Lefebvre movement: long, troubled history with Judaism by John Allen, Jr. National Catholic Reporter 01/26/09. The four bishops that Ratzinger just accepted back into the Catholic Church were ordained by the late schismatic Catholic archbishop Marcel Lefebvre. Allen reports:
A troubled history with Judaism has long been part of the Catholic traditionalist movement associated with the late French Archbishop Marcel Lefebvre — beginning with Lefebvre himself, who spoke approvingly of both the World War II-era Vichy Regime in France and the far-right National Front, and who identified the contemporary enemies of the faith as “Jews, Communists and Freemasons” in an Aug. 31, 1985, letter to Pope John Paul II.
Reacting to the furor over [Bishop Richard] Williamson [the reinstated Holocaust denier], the Vatican has stressed that lifting the excommunication is not an endorsement of his views on the Holocaust, and has repeated its firm commitment to Catholic-Jewish dialogue and to combating anti-Semitism. The pope’s outreach to traditionalists should instead be seen, spokespersons said, as an "act of peace" intended to end the only formal schism in the wake of the Second Vatican Council (1962-65).
I believe that the historical evidence is hugely against 6 million Jews having been deliberately gassed in gas chambers as a deliberate policy of Adolf Hitler. I believe there were no gas chambers.
Holocaust denial is a variety of pseudohistory. But it's main purpose is sneering at Jews and victims of the Nazi dictatorship. It's also an attempt to rehabilitate the image of Hitler and Nazism, but I see that as a distinctly secondary function. Holocausts deniers' approach is so full of far-right, crackpot features that I find it hard to take seriously that most of them actually believe their own line.
Williamson's brief statement is typical. Denying that there were gas chambers in the extermination camps is straightforward denial of historical facts. But the rest of his statement is full of the kind of double-talk rightwing kooks love.
"I believe that the historical evidence is hugely against 6 million Jews having been deliberately gassed in gas chambers as a deliberate policy of Adolf Hitler, he said.
No one claims that six million Jews were killed in gas chambers. Large numbers were shot, starved or beaten to death, and so on. The "deliberately" is a nice weasel word.
The six million number originated with Adolf Eichmann, who was in a better position than most to know. I believe that most historians of the Holocaust would put the number of clearly documented deaths at between 5.2 million and 5.8 million. But they also don't challenge six million as a likely number. Leading Holocaust historians did react against a claim several years ago that newly-released files from the Soviet Union showed that the number was significantly higher than six million. The higher estimate was a serious misreading of the material.
But Holocaust deniers and Hitler apologists love to comma-dance over numbers. They insist on minimizing the number of Jews and others killed in the Holocaust. But exaggerating the number of Germans killed in the Dresden bombing in particular has been a favorite obsession of the same crowd.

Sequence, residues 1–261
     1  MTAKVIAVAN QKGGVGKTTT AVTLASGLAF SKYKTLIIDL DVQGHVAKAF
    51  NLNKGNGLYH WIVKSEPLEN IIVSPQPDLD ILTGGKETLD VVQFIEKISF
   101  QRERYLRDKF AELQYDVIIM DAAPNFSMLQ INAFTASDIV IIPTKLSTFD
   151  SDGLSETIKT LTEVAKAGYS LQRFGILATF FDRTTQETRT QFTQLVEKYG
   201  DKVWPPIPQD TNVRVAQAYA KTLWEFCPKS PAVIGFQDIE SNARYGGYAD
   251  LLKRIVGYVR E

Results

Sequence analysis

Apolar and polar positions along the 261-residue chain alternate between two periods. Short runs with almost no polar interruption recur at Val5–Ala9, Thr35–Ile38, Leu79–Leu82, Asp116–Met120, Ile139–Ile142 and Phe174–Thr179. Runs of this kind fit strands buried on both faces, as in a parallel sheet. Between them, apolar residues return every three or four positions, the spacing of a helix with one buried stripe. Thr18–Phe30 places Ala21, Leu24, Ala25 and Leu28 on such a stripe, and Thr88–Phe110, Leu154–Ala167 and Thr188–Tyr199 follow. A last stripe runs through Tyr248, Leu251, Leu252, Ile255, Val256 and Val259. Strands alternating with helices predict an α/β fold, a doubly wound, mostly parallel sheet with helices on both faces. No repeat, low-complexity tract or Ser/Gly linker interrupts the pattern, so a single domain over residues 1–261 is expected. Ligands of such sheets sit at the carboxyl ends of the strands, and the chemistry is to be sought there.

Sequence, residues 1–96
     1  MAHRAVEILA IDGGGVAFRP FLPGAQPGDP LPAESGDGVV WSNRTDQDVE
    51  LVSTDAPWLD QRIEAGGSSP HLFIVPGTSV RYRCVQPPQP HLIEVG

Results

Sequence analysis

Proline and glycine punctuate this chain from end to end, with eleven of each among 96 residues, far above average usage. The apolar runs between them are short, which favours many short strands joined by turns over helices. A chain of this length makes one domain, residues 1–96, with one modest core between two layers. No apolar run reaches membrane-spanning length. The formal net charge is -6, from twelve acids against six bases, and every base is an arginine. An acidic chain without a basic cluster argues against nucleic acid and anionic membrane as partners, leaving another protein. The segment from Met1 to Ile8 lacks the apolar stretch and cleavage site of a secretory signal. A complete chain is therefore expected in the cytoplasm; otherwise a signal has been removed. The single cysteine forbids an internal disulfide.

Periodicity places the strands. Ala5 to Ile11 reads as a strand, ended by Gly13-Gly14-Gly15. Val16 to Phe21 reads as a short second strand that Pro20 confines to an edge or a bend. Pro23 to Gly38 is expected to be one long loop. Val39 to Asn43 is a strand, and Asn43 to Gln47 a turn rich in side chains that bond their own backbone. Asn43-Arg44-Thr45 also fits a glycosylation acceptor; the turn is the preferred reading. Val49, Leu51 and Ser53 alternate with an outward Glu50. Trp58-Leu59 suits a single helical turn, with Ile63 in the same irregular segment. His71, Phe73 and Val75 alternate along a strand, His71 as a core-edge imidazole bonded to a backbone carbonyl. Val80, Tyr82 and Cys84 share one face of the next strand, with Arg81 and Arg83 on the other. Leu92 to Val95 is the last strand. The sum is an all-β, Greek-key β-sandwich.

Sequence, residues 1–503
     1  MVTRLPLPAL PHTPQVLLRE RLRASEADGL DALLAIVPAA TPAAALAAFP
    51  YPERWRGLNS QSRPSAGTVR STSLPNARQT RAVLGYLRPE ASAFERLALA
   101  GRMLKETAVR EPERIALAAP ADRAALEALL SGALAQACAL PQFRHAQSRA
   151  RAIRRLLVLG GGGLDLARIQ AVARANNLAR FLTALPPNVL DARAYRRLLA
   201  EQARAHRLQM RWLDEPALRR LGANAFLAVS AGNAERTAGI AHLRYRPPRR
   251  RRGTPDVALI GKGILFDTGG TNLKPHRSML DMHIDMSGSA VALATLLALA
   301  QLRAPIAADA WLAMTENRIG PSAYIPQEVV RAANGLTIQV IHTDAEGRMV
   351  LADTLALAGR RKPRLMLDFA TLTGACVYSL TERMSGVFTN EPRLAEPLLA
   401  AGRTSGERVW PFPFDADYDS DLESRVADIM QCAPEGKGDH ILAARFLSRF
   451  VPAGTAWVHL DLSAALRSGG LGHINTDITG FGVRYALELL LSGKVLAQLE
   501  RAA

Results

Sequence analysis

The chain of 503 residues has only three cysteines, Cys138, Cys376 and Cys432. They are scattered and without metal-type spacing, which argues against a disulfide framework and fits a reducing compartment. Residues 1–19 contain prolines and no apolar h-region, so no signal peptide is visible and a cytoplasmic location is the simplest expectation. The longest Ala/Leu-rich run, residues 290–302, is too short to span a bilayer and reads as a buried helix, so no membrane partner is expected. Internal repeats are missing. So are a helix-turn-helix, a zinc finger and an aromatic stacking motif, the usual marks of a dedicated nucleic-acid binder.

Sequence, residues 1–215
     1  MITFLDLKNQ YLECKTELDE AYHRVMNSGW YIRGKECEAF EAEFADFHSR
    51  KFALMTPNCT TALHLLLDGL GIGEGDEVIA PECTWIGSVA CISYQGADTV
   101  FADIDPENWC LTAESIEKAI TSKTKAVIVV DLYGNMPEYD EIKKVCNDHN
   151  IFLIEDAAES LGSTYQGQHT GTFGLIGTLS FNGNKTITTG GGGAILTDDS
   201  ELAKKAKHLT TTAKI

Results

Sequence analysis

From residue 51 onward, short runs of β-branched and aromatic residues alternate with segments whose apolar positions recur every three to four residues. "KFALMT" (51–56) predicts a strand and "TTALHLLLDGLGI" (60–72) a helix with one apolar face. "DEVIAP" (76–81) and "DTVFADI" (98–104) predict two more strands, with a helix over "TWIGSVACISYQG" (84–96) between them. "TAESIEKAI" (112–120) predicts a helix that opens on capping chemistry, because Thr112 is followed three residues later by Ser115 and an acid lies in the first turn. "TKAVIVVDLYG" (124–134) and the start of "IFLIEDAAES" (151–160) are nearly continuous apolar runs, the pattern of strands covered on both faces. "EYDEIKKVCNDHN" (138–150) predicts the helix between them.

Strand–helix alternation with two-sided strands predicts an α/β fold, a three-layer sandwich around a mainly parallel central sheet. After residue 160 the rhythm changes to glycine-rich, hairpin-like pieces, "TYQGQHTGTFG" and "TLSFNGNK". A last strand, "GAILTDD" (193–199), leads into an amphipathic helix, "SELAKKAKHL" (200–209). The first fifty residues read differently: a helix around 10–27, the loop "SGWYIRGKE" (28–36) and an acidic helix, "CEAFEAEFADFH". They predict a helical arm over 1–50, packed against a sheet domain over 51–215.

Also, Williamson specifies a "deliberate policy of Adolf Hitler". A variation on Holocaust denial is to deny that Hitler himself ordered it or even knew about it. In response to David Irving's work in particular, historians have looked closely at both issues. And, despite the extreme efforts to shield Hitler from documentable responsibility, there is no serious doubt that he both ordered the killing and knew what was going on.
This is part of the problem of responding in a careful way to bald-faced liars. I say "no serious doubt" because despite overwhelming circumstantial and other evidence, we don't have a handwritten order from Hitler saying "Kill.All.The.Jews." Someone looking at the question carelessly or superficially might have some doubt. But not anyone who actually is aware of the evidence. Christopher Browning deals with this particular question in The Path to Genocide: Essays on Launching the Final Solution (1995).
Additional sources on the controversy over Ratzinger's action:
The most significant impending meeting between Jewish leaders and Pope Benedict XVI is being called off due to the Catholic Church’s recent decision to reconcile with four renegade ultra-conservative Catholics, including one who has a history of denying the Holocaust.
Israel’s chief rabbinate sent a letter to the Vatican indefinitely postponing a March summit in Rome that was to include the pope. The letter came a few days after the Vatican revoked the excommunication of four bishops from the Society of Saint Pius X, a group that opposed modernizing reforms adopted by the church during the 1960s, including efforts to reconcile with Jews. One of the four bishops in question, Richard Williamson, has said that no Jews were killed in Nazi gas chambers and has accused Jews of striving for “world dominion.”
The Yad Vashem Holocaust Museum and Memorial in Jerusalem decried as "scandalous" Benedict's decision to lift excommunications on British-born bishop, Richard Williamson, who has said there were no gas chambers and only 300,000 Jews perished in Nazi concentration camps in World War Two. Foreign Ministry spokesman Yigal Palmor, said, however, the pontiff's planned visit in May to Israel was not in doubt. "This has nothing to do with relations between states," he said.